Scientists have identified a new target for future brain cancer therapies, based on a newly discovered interaction between proteins. Researchers at Virginia Commonwealth University (VCU) Massey Cancer Center and the VCU Institute for Molecular Medicine (VIMM) observed that two genes, AEG-1 and Akt2, which are individually present in many types of cancer, participate in a positive feedback loop which promotes the growth and survival of glioblastoma multiforme (GBM), the most common form of brain cancer.
Patients diagnosed with GBM have poor prognoses, which is why the new therapeutic target is significant. In preclinical trials, the researchers were able to reduce GBM cell survival and invasion by disrupting the interaction between AEG-1 and Akt2 through a process called competitive binding. Since expression of these genes correlates with GBM progression — and reduced patient survival — drugs which interrupt the proteins’ interaction could be an effective treatment for this type of cancer.
Gene Overexpression in Cancer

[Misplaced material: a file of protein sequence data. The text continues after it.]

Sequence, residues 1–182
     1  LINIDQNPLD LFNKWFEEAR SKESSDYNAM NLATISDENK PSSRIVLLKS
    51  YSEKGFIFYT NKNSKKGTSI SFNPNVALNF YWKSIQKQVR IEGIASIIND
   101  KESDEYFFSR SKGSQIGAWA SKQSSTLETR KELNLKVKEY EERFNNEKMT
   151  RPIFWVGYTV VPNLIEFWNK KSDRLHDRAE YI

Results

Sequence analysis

The study’s lead author, Paul B. Fisher, MPh, PhD, discovered the AEG-1 gene and noticed that it is overexpressed in a majority of cancers. Meanwhile, Akt2 is similarly overexpressed in other types of cancer. Bin Hu, PhD, a senior postdoctoral researcher who works on Fisher’s team, is credited with discovering that AEG-1/Akt2 protein interactions spur additional Akt2 signalling. Tumour cells depend on such signalling for basic cellular functions, and can proliferate when the environment is right for binding.
"In this study we mapped the interacting regions in both genes in order to begin the process of developing drugs that can fill in these spaces and block the genes from binding," Fisher said. "If successful, these new treatments could also be applicable to a variety of additional cancers in which both genes are overexpressed."
Disrupting the Signalling Complex
Preclinical trials revealed the effectiveness of competitive binding in disrupting the signalling complex of AEG-1 and Akt2. In mouse models of human GBM, survival increased markedly when AEG-1 was silenced. "If we can develop drugs that disrupt the interaction between these two proteins, we could potentially combine them with conventional therapies to more effectively treat malignant gliomas,” said Fisher.
Fisher is the Thelma Newmeyer Corman Endowed Chair in Cancer Research and Director of the VIMM. He also co-leads the Cancer Molecular Genetics research program at VCU Massey, and is a professor and Chair of the Department of Human and Molecular Genetics at the VCU School of Medicine.
The findings of the study have been published online in the journal Cancer Research.
Source: Virginia Commonwealth University
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